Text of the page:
Washington has become the eighth state to adopt the Next Generation Science Standards, following action last week by state Superintendent Randy Dorn
The K-12 standards were developed by 26 lead state partners, including Washington, in collaboration with several national organizations. The seven other states to adopt the standards so far include Delaware, the most recent addition before Washington, as well as California, Kansas, Kentucky, Maryland, Rhode Island, and Vermont, and Delaware.
Key elements of the standards include providing greater emphasis on depth over breadth in science education and asking students to apply their learning through the practices of scientific inquiry and engineering design.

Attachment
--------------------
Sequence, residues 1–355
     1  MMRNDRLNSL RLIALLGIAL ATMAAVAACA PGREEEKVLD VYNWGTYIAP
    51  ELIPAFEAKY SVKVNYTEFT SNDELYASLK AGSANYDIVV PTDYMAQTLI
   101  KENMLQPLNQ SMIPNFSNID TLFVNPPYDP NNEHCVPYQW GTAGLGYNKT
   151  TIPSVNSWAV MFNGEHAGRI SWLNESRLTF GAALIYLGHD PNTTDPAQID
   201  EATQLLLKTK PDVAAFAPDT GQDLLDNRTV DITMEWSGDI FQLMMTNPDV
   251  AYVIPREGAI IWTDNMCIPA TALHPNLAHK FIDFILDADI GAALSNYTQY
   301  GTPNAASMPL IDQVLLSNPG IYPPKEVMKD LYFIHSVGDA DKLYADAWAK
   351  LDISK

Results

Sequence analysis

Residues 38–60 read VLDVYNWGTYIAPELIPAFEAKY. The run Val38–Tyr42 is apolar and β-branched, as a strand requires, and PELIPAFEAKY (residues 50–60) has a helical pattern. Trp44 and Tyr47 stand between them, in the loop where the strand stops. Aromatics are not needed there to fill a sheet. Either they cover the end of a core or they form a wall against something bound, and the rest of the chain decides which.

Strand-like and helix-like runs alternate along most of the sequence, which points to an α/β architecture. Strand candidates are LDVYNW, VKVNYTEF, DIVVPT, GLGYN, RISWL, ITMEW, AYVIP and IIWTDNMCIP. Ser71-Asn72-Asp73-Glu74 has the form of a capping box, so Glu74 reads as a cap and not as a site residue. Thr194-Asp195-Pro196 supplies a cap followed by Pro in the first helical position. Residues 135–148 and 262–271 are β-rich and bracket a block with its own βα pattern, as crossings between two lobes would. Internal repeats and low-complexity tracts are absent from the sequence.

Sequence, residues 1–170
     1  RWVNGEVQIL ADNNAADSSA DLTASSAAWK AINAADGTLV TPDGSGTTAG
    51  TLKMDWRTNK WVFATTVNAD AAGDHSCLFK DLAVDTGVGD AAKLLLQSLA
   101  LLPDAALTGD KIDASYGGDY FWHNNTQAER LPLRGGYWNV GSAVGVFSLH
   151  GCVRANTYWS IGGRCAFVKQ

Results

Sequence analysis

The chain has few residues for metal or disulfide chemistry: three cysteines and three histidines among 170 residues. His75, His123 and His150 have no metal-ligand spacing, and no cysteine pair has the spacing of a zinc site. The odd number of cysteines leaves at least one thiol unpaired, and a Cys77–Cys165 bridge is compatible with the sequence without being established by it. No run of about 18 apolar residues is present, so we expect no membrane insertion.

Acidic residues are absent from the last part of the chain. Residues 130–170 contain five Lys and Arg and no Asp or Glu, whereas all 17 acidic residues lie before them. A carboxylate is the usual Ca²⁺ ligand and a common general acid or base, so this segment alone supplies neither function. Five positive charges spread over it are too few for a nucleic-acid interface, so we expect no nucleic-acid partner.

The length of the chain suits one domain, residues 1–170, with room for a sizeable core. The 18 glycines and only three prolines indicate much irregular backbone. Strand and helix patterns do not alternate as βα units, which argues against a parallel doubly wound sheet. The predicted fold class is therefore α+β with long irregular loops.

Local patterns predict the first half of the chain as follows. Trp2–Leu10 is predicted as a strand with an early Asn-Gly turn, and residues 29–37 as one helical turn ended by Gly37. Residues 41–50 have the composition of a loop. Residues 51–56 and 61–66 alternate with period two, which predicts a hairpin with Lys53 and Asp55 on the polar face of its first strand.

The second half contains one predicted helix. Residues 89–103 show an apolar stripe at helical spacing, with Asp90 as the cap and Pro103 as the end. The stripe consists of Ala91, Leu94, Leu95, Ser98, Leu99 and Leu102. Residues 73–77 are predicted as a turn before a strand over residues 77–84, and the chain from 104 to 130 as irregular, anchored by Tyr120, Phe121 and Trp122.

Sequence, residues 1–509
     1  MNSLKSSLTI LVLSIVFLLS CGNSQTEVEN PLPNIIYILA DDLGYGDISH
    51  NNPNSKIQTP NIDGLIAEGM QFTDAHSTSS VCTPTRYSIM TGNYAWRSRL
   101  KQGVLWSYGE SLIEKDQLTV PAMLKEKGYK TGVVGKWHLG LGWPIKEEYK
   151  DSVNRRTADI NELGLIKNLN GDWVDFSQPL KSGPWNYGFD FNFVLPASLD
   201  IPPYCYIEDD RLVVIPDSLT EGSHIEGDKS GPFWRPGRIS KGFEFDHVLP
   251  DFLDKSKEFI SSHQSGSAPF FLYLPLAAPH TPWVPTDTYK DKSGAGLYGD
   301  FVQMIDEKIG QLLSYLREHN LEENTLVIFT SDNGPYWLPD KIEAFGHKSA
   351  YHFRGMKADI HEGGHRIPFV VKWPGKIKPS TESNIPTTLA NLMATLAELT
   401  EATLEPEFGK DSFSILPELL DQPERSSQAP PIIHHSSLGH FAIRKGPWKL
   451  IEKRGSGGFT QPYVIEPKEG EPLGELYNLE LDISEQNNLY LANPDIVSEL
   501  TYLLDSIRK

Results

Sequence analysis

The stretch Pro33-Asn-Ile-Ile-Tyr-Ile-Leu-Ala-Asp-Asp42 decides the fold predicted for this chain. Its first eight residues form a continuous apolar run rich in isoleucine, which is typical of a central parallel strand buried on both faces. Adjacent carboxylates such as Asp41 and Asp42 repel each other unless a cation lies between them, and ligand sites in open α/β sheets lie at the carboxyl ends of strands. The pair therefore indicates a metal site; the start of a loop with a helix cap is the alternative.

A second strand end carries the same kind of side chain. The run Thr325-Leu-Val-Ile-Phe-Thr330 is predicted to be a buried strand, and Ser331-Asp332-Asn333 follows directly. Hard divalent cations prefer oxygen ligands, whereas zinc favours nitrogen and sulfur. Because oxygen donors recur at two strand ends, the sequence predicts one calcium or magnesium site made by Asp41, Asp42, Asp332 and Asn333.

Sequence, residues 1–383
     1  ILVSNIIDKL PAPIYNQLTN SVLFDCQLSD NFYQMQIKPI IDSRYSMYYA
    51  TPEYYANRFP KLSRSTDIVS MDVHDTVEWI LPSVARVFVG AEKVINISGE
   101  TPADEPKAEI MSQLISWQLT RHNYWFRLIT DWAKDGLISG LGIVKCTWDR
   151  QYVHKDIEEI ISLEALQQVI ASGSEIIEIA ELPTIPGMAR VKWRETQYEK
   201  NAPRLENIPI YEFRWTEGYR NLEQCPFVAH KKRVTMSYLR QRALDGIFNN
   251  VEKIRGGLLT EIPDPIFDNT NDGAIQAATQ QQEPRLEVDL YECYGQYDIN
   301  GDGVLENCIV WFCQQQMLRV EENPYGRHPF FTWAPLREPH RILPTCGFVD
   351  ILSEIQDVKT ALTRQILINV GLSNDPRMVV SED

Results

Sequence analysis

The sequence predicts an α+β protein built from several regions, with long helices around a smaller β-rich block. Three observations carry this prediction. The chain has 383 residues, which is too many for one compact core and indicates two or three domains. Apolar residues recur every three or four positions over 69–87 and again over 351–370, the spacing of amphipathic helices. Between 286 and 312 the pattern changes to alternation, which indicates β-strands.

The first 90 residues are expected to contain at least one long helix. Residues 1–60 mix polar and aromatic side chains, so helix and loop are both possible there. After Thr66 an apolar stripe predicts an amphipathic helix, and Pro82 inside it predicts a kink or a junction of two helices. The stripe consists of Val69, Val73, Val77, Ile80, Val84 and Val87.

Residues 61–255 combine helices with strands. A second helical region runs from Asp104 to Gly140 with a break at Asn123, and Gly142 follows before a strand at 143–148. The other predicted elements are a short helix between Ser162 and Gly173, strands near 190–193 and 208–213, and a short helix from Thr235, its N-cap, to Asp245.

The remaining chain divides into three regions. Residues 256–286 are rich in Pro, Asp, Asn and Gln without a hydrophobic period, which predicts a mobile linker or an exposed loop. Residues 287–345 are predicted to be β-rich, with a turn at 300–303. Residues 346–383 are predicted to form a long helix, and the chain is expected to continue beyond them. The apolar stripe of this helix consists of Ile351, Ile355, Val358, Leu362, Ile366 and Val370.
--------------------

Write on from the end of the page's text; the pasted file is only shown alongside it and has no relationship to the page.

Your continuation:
“We live in an increasingly complex world,” said Dorn in a news release. “And we will need solutions to some big problems. ... A high-quality science education that starts in the early grades is the key to ensuring we solve those problems and creating a future full of possibilities.”
Unlike most other states, in Washington the state superintendent has the authority to adopt the standards, rather than the state board of education. In any case, the board recently voted to recommend adoption.
In adopting the new science standards, which are expected to be fully implemented by the 2016-17 school year, the state will use a process similar to that it used in adopting the Common Core State Standards for math and English/language arts, the news release said. After building awareness, Washington will work on building capacity in its schools and districts. Students will be tested on the new standards beginning in the 2017-18 school year, the state agency said.
A version of this news article first appeared in the Curriculum Matters blog.